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Wrasse, Groupers, Kue, Hatahata, Wakasegi

LESSER KNOWN SEAFISH

Kanto dwellers shun the colorful bera wrasse or rainbowfish, but this fish is a Kansai and western Honshu favorite, especially the kyusen or sasanoha-bera, good for shioyaki and nitsuke. It is best from early summer to autumn. In Hiroshima they call wrasse aogizami, in Hyogo aobera or akabera, and in Toyama Prefecture etori. The good people of Nimi in Toyama, a fishing port I occasionally visit, have given the wrasse the lovely nickname bengoshi: 'the Lawyer'!

Wakasagi Fish Tempura Salt-2The hata family of groupers are tasty fish. Largest is the mahata grouper or rock cod which grows up to 90cm. Caught throughout Japan from Hokkaido to Kyushu, it's called ara in Yamaguchi, kana in Shimane, namara in Ishikawa and masu in Mie prefectures. It can be used in nitsuke, ara-ni fish head soup, nabemono hotpot, as kara'age or sashimi, and in miso shiru miso soup.

There's a common assumption in Japan that the uglier a fish is, the tastier it's likely to be. The kue longtooth grouper certainly fits that category. Growing up to 1.2 meters in length, and weighing up to 50kg, they are monsters of the deep, but taste superb. Fans who agree are willing to pay up to ¥10,000 per kilo for the pleasure of sampling some. The classic way to eat kue is as a hotpot, namely kue-nabe, but it is also served as sashimi, as nitsuke, and in miso soup. In Nagasaki they like it yubiki 'scalded' style, briefly immersed in hot water, then iced.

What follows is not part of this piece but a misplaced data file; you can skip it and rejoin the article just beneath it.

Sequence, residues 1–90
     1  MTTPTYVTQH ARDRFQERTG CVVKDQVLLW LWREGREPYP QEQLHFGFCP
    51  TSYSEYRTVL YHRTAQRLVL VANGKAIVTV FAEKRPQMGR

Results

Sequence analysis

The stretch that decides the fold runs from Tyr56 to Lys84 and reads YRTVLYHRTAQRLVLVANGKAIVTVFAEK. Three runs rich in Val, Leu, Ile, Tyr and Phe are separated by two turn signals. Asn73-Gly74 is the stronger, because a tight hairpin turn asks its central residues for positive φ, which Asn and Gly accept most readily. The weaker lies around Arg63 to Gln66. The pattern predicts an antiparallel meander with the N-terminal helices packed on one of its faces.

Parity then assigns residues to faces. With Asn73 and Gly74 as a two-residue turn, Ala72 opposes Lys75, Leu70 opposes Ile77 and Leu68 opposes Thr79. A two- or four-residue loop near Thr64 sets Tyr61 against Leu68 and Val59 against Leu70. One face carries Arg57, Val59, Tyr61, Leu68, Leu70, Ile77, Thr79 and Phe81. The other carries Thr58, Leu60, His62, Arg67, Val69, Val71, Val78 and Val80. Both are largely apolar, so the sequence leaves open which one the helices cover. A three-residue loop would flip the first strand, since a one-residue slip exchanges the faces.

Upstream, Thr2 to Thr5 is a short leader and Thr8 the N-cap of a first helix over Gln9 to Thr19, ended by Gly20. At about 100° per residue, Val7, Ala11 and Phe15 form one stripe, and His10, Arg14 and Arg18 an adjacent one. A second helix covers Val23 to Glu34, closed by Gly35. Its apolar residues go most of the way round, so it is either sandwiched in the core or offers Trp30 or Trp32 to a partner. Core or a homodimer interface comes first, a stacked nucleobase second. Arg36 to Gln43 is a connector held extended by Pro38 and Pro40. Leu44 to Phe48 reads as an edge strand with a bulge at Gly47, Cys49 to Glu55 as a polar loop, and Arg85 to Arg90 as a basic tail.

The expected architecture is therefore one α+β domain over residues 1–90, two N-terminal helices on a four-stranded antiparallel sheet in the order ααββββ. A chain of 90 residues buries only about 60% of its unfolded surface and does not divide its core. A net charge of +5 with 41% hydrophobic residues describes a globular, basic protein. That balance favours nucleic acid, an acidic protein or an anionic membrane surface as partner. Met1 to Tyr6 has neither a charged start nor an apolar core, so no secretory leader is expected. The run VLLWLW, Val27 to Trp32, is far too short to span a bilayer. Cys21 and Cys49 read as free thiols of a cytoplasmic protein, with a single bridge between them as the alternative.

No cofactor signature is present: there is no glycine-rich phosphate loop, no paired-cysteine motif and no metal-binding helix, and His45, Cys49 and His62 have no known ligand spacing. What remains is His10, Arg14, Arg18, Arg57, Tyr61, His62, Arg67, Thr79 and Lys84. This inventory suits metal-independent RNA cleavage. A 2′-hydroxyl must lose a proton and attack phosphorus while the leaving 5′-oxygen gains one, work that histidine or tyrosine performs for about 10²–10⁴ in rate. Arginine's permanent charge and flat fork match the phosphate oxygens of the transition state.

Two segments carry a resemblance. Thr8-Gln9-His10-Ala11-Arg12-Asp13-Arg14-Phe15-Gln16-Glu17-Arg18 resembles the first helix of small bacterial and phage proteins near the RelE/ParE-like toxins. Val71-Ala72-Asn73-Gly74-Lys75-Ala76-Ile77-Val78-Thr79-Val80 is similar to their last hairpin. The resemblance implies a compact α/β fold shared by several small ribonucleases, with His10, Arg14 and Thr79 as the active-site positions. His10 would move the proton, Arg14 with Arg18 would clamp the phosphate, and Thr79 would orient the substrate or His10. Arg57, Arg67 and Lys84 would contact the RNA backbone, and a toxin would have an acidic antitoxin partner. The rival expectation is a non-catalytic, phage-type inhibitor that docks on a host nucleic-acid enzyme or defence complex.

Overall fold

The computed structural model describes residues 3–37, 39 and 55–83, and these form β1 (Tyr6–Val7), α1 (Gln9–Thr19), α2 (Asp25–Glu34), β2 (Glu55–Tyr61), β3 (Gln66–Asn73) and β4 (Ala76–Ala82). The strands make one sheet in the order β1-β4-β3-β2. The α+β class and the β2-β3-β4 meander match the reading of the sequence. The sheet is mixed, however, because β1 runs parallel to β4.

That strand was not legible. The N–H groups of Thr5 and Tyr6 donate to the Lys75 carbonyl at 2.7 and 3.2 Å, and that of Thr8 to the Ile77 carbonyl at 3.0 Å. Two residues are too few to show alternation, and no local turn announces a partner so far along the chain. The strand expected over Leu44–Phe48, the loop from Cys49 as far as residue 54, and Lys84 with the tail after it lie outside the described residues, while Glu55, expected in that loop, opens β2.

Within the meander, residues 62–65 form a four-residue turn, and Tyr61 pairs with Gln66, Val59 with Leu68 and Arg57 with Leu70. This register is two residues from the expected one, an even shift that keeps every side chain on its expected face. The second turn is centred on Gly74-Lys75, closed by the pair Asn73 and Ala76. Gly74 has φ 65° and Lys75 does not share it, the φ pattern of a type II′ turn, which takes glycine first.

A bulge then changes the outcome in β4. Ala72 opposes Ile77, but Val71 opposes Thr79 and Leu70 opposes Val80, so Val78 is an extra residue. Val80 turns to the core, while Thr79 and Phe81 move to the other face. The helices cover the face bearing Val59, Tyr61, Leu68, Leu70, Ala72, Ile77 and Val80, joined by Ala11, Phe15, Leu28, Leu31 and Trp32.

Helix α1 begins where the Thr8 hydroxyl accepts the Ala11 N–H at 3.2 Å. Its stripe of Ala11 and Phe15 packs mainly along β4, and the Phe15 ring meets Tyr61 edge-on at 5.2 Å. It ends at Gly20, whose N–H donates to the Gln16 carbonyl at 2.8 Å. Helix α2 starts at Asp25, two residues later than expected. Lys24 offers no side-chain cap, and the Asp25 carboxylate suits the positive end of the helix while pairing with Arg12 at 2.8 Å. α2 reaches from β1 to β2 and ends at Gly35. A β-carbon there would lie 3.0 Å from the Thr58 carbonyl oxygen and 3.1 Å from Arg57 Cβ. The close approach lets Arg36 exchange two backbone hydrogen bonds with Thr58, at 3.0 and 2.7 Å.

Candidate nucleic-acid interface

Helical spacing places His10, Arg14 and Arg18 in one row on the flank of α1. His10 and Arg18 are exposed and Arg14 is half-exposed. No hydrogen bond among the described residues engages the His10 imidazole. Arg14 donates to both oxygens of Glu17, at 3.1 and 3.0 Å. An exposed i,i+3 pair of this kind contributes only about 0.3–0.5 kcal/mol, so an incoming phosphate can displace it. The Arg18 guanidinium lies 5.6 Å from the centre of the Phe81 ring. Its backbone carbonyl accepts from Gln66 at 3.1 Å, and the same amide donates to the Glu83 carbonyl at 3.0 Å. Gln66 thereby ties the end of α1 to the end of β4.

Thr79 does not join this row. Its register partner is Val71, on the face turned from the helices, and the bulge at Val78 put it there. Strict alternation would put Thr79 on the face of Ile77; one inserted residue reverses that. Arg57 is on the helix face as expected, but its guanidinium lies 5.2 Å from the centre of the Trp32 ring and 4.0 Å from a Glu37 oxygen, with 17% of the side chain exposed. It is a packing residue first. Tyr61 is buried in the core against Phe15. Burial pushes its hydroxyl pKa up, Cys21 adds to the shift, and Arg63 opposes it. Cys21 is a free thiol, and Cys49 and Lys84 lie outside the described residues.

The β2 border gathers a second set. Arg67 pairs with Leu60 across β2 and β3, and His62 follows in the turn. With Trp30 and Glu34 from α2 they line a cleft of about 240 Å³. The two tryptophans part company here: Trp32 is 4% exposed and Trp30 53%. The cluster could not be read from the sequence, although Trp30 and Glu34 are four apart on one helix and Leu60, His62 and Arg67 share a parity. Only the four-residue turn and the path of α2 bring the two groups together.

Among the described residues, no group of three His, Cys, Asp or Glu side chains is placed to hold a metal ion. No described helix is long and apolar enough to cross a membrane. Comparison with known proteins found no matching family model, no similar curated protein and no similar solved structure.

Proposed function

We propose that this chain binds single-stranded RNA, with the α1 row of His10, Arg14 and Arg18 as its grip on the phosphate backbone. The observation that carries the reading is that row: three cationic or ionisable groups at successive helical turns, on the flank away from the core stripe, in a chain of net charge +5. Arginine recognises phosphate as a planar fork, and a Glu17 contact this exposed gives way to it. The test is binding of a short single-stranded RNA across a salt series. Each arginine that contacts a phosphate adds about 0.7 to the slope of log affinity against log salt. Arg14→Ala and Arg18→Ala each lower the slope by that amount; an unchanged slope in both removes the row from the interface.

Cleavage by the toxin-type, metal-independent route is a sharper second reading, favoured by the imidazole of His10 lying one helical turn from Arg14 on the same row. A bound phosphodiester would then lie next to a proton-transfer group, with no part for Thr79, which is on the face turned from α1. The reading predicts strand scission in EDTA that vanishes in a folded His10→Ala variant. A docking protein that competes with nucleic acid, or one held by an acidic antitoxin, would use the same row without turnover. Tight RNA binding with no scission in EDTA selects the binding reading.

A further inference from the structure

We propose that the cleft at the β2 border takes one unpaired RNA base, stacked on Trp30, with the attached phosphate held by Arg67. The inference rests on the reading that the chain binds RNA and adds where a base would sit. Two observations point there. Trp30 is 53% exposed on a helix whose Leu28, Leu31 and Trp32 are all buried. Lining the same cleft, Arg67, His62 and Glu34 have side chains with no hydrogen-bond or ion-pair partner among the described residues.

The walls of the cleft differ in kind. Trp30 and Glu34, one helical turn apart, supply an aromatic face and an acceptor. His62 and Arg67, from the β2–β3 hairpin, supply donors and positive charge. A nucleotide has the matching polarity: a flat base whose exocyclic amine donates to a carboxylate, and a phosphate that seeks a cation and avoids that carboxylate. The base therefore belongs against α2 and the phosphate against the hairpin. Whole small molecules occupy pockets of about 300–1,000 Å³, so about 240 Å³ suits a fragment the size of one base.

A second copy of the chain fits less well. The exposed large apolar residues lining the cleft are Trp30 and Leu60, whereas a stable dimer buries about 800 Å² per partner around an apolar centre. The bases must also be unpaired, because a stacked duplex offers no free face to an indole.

Wrasse Hatahata bora grouperIn Akita and Hokkaido if they don’t eat hatahata sandfish it‘s not yet winter. Its name incorporates kanji for 'sakana' fish and ‘kaminari’ thunder, so in Akita is called kaminari-uo lightning fish as thunderstorms regularly appear during the spawning season. It is the main ingredient in shottsuru fermented fish sauce, and is eaten as tempura and shioyaki. In Northern Japan it is in season from November to the beginning of March.

It is taboo for pregnant women to eat bora flathead gray mullet, due to its dirty estuaries image. However, if you’re not expecting, it makes excellent saikyo-yaki grilled, topped with a sweet miso paste, chirinabe hotpot, and is at its best in winter, when it’s called the kanbora. It is generally thought too smelly for sashimi, but some do eat it that way with strong accompanying spices.

This is another fish that has a multitude of names depending upon its size, including, from smallest to largest, haku, subashiri, oboko, ina and todo.

John F. Ashburne

John F. Ashburne

Editor-in-Chief Foodies Go Local